Nighttime HOx chemistry was investigated in two ground-based field campaigns (PRIDE-PRD2006 and CAREBEIJING2006) in summer 2006 in China by comparison of measured and modeled concentration data of OH and HO2. The measurement sites were located in a rural environment in the Pearl River Delta (PRD) under urban influence and in a suburban area close to Beijing, respectively. In both locations, significant nighttime concentrations of radicals were observed under conditions with high total OH reactivities of about 40-50 s(-1) in PRD and 25 s(-1) near Beijing. For OH, the nocturnal concentrations were within the range of (0.5-3) x 10(6) cm(-3), implying a significant nighttime oxidation rate of pollutants on the order of several ppb per hour. The measured nighttime concentration of HO2 was about (0.2-5) x 10(8) cm(-3), containing a significant, model-estimated contribution from RO2 as an interference. A chemical box model based on an established chemical mechanism is capable of reproducing the measured nighttime values of the measured peroxy radicals and k(OH), but underestimates in both field campaigns the observed OH by about 1 order of magnitude. Sensitivity studies with the box model demonstrate that the OH discrepancy between measured and modeled nighttime OH can be resolved, if an additional ROx production process (about 1 ppb h(-1)) and additional recycling (RO2 -> HO2 -> OH) with an efficiency equivalent to 1 ppb NO is assumed. The additional recycling mechanism was also needed to reproduce the OH observations at the same locations during daytime for conditions with NO mixing ratios below 1 ppb. This could be an indication that the same missing process operates at day and night. In principle, the required primary ROx source can be explained by ozonolysis of terpenoids, which react faster with ozone than with OH in the nighttime atmosphere. However, the amount of these highly reactive biogenic volatile organic compounds (VOCs) would require a strong local source, for which there is no direct evidence. A more likely explanation for an additional ROx source is the vertical downward transport of radical reservoir species in the stable nocturnal boundary layer. Using a simplified one-dimensional two-box model, it can be shown that ground-based NO emissions could generate a large vertical gradient causing a downward flux of peroxy acetic nitrate (PAN) and peroxymethacryloyl nitrate (MPAN). The downward transport and the following thermal decomposition of these compounds can produce up to 0.3 ppb h(-1) radicals in the atmospheric layer near the ground. Although this rate is not sufficient to explain the complete OH discrepancy, it indicates the potentially important role of vertical transport in the lower nighttime atmosphere.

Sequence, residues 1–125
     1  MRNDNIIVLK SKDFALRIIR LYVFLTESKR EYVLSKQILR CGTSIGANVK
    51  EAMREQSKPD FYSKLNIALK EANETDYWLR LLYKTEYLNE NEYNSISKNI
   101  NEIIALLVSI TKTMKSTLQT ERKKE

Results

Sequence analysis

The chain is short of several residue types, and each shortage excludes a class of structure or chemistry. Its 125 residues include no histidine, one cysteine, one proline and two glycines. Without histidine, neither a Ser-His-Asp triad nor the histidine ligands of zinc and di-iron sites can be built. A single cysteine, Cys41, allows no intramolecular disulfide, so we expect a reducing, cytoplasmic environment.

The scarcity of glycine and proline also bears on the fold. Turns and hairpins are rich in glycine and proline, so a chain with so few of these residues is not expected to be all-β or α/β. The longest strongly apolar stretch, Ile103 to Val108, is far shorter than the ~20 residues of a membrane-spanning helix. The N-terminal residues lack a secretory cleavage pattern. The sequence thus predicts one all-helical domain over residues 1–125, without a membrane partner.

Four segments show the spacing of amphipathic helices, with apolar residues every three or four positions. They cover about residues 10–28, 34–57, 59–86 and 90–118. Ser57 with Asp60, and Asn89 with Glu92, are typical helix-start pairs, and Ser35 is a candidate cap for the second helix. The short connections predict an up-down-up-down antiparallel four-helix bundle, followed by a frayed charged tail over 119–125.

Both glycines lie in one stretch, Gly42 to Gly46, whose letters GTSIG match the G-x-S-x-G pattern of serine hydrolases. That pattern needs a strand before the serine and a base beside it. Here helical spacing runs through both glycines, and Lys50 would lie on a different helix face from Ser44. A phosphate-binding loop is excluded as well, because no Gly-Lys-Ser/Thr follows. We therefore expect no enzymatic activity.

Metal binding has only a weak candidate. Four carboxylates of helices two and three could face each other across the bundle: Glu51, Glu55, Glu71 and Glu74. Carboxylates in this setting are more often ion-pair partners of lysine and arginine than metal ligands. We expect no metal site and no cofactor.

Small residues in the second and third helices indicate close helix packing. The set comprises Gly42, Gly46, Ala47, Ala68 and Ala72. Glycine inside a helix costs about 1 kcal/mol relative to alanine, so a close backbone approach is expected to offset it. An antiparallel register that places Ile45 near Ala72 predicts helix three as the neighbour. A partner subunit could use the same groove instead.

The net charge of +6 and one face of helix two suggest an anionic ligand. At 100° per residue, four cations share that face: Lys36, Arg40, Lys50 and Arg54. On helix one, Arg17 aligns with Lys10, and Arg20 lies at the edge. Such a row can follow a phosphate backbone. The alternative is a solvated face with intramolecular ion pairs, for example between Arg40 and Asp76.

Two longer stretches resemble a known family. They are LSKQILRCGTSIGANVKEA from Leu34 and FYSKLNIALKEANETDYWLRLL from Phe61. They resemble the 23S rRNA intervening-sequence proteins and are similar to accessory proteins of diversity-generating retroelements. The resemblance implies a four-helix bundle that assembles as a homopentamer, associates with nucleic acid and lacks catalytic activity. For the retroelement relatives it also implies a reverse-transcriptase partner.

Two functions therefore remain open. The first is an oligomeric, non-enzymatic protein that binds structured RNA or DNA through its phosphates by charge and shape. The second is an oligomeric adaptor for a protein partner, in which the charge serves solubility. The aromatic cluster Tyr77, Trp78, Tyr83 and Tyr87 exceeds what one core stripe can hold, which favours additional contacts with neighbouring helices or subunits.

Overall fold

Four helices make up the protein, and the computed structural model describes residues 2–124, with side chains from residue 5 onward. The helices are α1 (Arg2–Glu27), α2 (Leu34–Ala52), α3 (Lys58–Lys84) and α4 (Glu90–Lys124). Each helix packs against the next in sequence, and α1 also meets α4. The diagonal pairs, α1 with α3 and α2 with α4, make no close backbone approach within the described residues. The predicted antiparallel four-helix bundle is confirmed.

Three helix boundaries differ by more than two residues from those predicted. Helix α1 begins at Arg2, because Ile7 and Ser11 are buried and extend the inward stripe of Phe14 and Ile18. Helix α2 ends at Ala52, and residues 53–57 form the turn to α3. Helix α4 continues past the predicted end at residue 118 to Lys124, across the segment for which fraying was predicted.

Peroxy radical chemistry is the main component of tropospheric chemistry, which is critical for the understanding of essential tropospheric issues such as atmospheric cleansing capacity, photochemical ozone production and secondary organic aerosol formations. Field measurements of peroxy radical concentrations and related analysis with observation based model are the prominent steps to foster the current understanding of peroxy radical chemistry. This paper reviews the state of measurement techniques for peroxy radical, extensively revisits the previous field studies with direct measurements of peroxy radical, outlins the peroxy radical concentrations reported in previous field observations, summarizes the tests of photochemical mechanism with direct field measurement results and discusses the major scientific findings achieved so far. Finally, an outlook for the new directions in the study of atmospheric peroxy radical chemistry is proposed.
Gaseous nitrous acid (HONO) is an important precursor of tropospheric hydroxyl radicals (OH). OH is responsible for atmospheric self-cleansing and controls the concentrations of greenhouse gases like methane and ozone. Due to lack of measurements, vertical distributions of HONO and its sources in the troposphere remain unclear. Here, we present a set of observations of HONO and its budget made onboard a Zeppelin airship. In a sunlit layer separated from Earth's surface processes by temperature inversion, we found high HONO concentrations providing evidence for a strong gas-phase source of HONO consuming nitrogen oxides and potentially hydrogen oxide radicals. The observed properties of this production process suggest that the generally assumed impact of HONO on the abundance of OH in the troposphere is substantially overestimated.